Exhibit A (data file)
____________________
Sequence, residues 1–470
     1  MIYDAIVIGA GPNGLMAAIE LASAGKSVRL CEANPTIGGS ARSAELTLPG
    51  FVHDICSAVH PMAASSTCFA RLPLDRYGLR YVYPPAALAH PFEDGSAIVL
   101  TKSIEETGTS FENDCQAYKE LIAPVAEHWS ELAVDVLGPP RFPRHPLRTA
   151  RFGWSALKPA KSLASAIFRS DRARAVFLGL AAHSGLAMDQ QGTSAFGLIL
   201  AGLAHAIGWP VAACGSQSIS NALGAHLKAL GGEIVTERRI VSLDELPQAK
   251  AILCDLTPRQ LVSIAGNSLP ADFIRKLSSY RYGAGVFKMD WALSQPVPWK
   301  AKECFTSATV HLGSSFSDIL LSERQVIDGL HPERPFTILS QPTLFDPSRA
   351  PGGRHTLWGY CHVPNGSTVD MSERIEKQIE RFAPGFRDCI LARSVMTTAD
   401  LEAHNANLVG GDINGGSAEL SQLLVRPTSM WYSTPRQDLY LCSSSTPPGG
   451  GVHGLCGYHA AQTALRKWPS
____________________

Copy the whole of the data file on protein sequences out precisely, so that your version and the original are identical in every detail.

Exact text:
Sequence, residues 1–470
     1  MIYDAIVIGA GPNGLMAAIE LASAGKSVRL CEANPTIGGS ARSAELTLPG
    51  FVHDICSAVH PMAASSTCFA RLPLDRYGLR YVYPPAALAH PFEDGSAIVL
   101  TKSIEETGTS FENDCQAYKE LIAPVAEHWS ELAVDVLGPP RFPRHPLRTA
   151  RFGWSALKPA KSLASAIFRS DRARAVFLGL AAHSGLAMDQ QGTSAFGLIL
   201  AGLAHAIGWP VAACGSQSIS NALGAHLKAL GGEIVTERRI VSLDELPQAK
   251  AILCDLTPRQ LVSIAGNSLP ADFIRKLSSY RYGAGVFKMD WALSQPVPWK
   301  AKECFTSATV HLGSSFSDIL LSERQVIDGL HPERPFTILS QPTLFDPSRA
   351  PGGRHTLWGY CHVPNGSTVD MSERIEKQIE RFAPGFRDCI LARSVMTTAD
   401  LEAHNANLVG GDINGGSAEL SQLLVRPTSM WYSTPRQDLY LCSSSTPPGG
   451  GVHGLCGYHA AQTALRKWPS